Contemplative Science: Where Buddhism and Neuroscience Converge / Edition 1 available in Hardcover
- Pub. Date:
- Columbia University Press
Science has long treated religion as a set of personal beliefs that have little to do with a rational understanding of the mind and the universe. However, B. Alan Wallace, a respected Buddhist scholar, proposes that the contemplative methodologies of Buddhism and of Western science are capable of being integrated into a single discipline: contemplative science.
The science of consciousness introduces first-person methods of investigating the mind through Buddhist contemplative techniques, such as samatha, an organized, detailed system of training the attention. Just as scientists make observations and conduct experiments with the aid of technology, contemplatives have long tested their own theories with the help of highly developed meditative skills of observation and experimentation. Contemplative science allows for a deeper knowledge of mental phenomena, including a wide range of states of consciousness, and its emphasis on strict mental discipline counteracts the effects of conative (intention and desire), attentional, cognitive, and affective imbalances.
Just as behaviorism, psychology, and neuroscience have all shed light on the cognitive processes that enable us to survive and flourish, contemplative science offers a groundbreaking perspective for expanding our capacity to realize genuine well-being. It also forges a link between the material world and the realm of the subconscious that transcends the traditional science-based understanding of the self.
About the Author
B. Alan Wallace spent fourteen years as a Buddhist monk, ordained by H. H. the Dalai Lama. He then earned his undergraduate degree in physics and the philosophy of science at Amherst College and his doctorate in religious studies from Stanford University. His Columbia University Press books are Hidden Dimensions: The Unification of Physics and Consciousness; Mind in the Balance: Meditation in Science, Buddhism, and Christianity; and Buddhism and Science: Breaking New Ground (editor). He is the founder and president of the Santa Barbara Institute for Consciousness Studies (http://www.sbinstitute.com).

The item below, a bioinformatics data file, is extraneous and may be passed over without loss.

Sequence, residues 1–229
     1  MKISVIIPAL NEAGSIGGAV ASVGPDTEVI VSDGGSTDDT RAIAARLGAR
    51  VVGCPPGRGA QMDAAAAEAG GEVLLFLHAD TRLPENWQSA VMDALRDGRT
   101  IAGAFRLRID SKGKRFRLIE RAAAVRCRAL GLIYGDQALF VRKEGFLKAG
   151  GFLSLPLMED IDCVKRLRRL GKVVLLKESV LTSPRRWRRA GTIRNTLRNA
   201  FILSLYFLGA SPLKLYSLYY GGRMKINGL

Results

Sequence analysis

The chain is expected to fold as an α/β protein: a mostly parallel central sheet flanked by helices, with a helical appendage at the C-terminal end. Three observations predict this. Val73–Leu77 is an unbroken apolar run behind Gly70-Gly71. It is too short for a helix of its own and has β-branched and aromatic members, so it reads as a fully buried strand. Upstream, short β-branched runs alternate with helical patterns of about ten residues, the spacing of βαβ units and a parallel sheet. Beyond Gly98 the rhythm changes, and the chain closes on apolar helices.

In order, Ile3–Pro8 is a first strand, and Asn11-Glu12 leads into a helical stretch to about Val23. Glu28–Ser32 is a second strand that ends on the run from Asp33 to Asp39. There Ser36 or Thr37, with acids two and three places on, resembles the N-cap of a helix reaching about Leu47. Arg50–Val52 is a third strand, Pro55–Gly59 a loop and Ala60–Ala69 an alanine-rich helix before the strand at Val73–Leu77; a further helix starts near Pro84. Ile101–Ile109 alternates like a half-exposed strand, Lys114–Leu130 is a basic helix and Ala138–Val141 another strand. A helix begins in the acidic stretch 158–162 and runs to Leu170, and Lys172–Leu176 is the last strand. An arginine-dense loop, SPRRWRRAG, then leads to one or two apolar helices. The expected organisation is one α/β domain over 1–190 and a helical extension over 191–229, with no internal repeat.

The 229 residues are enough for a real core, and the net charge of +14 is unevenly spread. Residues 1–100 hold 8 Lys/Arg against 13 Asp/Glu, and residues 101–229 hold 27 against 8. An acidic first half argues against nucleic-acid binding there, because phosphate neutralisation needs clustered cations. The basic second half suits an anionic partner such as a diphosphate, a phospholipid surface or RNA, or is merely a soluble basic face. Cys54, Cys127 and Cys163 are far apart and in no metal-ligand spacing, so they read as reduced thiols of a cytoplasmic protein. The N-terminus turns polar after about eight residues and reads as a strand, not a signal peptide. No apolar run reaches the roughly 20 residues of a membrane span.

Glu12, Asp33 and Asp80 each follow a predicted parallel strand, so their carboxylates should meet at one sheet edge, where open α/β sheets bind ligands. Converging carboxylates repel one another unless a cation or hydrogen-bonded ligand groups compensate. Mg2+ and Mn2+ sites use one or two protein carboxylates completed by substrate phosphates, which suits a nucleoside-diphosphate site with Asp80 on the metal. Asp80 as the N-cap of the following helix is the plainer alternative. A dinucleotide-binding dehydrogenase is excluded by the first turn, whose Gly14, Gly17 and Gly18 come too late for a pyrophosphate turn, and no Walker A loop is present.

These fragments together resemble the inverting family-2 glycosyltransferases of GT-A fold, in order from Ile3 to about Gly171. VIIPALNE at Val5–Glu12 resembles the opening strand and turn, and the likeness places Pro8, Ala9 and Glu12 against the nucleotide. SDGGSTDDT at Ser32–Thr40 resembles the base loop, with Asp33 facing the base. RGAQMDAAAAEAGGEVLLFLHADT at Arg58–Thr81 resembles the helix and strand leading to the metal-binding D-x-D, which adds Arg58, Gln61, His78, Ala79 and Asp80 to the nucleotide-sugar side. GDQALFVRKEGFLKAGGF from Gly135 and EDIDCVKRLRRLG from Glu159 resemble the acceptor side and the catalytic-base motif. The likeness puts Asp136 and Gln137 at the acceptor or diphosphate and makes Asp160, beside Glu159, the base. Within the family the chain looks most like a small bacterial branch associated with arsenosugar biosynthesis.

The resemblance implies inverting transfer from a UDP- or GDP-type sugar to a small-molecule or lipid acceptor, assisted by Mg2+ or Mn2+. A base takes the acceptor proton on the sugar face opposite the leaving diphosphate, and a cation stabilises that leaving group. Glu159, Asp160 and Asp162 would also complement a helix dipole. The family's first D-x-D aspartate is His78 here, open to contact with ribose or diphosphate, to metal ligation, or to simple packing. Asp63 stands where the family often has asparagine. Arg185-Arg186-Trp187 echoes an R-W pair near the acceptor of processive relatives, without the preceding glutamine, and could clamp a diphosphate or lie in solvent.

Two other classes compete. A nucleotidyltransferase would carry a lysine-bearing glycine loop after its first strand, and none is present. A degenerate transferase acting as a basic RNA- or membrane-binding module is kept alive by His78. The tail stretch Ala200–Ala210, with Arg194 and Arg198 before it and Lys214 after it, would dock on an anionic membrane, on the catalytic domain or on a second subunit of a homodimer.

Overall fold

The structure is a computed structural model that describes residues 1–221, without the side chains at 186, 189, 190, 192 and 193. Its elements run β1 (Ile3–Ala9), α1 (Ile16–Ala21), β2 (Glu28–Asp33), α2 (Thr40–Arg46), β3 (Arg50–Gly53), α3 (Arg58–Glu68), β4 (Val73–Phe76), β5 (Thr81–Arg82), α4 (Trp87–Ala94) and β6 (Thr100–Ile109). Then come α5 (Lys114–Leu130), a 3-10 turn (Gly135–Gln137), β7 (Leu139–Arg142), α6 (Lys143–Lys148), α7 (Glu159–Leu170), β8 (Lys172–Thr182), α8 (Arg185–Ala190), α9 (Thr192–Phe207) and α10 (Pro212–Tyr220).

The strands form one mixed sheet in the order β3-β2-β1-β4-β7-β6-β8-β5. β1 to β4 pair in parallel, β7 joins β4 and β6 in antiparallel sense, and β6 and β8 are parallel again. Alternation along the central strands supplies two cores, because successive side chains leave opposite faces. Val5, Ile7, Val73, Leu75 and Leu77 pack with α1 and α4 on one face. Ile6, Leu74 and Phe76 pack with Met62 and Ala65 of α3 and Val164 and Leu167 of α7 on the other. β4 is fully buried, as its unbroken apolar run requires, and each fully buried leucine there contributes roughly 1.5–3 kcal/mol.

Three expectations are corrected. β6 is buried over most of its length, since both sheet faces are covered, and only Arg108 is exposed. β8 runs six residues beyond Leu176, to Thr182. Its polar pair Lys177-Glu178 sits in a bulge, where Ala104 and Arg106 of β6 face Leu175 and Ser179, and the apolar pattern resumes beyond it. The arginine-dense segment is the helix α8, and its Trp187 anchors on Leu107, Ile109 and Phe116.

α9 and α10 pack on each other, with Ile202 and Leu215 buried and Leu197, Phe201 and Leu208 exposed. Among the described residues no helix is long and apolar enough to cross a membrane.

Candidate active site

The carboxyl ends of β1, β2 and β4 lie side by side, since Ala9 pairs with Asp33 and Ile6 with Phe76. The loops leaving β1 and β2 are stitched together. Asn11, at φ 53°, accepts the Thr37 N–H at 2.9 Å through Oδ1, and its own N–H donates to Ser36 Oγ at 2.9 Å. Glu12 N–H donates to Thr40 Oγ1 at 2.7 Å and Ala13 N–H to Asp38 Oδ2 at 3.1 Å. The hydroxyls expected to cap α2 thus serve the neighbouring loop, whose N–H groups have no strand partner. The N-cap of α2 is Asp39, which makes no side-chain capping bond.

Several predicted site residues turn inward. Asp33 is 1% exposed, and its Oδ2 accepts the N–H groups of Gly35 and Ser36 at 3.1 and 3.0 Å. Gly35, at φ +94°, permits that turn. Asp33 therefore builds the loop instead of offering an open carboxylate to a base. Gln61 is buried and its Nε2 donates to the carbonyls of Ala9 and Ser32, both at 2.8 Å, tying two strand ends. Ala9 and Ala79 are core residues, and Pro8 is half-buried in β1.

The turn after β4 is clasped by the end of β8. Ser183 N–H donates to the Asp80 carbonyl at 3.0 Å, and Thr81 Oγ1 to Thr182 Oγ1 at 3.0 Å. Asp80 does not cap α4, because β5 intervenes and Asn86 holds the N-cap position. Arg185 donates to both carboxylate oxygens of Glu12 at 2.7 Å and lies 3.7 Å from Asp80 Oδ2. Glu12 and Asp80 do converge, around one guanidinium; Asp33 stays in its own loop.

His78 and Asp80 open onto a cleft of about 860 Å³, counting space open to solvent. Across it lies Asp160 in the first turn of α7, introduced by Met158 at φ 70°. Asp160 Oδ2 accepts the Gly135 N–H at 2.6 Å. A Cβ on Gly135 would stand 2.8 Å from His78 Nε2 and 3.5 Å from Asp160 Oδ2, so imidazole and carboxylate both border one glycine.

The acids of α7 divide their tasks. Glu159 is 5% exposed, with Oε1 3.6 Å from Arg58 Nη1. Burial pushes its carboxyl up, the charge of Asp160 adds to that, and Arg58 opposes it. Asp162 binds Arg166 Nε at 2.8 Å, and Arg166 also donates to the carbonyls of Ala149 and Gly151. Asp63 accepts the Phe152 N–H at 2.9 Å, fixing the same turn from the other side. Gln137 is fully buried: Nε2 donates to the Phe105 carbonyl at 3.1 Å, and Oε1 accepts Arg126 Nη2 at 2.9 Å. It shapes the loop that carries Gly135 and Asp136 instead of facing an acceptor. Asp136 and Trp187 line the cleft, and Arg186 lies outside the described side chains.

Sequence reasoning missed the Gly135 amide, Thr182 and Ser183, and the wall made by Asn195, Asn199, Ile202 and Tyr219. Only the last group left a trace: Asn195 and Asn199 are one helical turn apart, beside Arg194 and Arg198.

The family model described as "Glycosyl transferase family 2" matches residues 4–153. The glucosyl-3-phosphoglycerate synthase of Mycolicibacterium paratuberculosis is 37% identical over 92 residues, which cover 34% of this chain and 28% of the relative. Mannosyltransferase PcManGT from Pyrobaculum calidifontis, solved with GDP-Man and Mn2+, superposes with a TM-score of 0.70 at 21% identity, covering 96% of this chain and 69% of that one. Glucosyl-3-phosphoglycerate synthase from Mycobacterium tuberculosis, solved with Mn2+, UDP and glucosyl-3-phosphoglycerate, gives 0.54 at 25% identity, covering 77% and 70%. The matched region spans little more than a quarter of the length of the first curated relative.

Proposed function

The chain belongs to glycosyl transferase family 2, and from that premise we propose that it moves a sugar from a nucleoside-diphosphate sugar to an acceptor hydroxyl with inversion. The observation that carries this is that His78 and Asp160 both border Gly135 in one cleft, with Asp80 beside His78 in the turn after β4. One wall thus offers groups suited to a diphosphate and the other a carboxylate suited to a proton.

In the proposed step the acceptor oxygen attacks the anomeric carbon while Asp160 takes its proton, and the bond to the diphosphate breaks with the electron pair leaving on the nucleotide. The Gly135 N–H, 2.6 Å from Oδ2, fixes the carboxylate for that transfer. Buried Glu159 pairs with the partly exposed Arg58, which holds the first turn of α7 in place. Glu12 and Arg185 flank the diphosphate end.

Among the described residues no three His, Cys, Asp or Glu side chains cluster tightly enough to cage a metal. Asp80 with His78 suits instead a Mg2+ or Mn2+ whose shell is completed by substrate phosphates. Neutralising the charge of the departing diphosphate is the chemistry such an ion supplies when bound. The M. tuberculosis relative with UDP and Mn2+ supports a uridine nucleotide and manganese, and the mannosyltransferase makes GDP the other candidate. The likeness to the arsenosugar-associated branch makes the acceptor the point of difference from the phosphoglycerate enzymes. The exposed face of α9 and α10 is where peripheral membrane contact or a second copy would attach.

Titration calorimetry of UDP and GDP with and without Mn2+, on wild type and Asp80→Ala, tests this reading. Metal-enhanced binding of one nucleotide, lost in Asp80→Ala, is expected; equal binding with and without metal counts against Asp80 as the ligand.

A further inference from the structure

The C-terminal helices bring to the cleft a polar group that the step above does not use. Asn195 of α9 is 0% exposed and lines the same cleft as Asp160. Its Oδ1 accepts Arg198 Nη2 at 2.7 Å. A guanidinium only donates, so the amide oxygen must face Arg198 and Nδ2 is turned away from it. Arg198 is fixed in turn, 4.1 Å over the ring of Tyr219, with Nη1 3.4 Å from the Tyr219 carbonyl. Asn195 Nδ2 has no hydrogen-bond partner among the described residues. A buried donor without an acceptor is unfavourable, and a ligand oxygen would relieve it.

Table of Contents
1 - Principles of Contemplative Science
2 - Where Science and Religion Collide
3 - The Study of Consciousness, East and West
4 - Spiritual Awakening and Objective Knowledge
5 - Buddhist Nontheism, Polytheism, and Monotheism
6 - Worlds of Intersubjectivity
7 - Samatha: The Contemplative Refinement of Attention
8 - Beyond Idolatry: The Renaissance of a Spirit of Empiricism
What People are Saying About This
Provocative, challenging, and engaging, Contemplative Science should be read by all serious students of the mind, scientists, contemplatives, and religious scholars alike. Alan Wallace has a breathtaking command of knowledge rooted in Buddhism but embracing the physical and cognitive sciences and most importantly informed by meditation practice. This book will help set the stage for a unique development in the twenty-first-centurya genuine collaboration between the contemplative traditions and Western science.
Richard J. Davidson, William James and Vilas Distinguished Professor of Psychology and Psychiatry, University of Wisconsin-Madison
In Contemplative Science, Alan Wallace forcefully and properly challenges the materialistic presuppositions held by many scientists. He goes on to argue convincingly for the development of a contemplative science of consciousness based on a highly trained faculty of attention that can investigate the mind firsthand. Using his unique mastery of Buddhist philosophy and meditative practice, Wallace sketches for us the value of integrating contemplative methods with empirical research. I share his view of the unique importance of such an integration and recommend Contemplative Science as one of the first comprehensive presentations of that view.
Arthur Zajonc, Andrew Mellon Professor of Physics, Amherst College, and the author of The Dalai Lama at MIT
Contemplative Science is an important addition to the growing body of scholarly literature on Buddhism, Western mind science, consciousness, and contemplation.
Letitia Campbell, Emory University
Contemplative Science is a must read for anyone interested in consciousness. Alan Wallace challenges neuroscientists, cognitive scientists, and Buddhists, with lucid, provocative scholarship.
Paul Ekman, Emeritus Professor of Psychology, University of California, San Francisco, and author of Emotions Revealed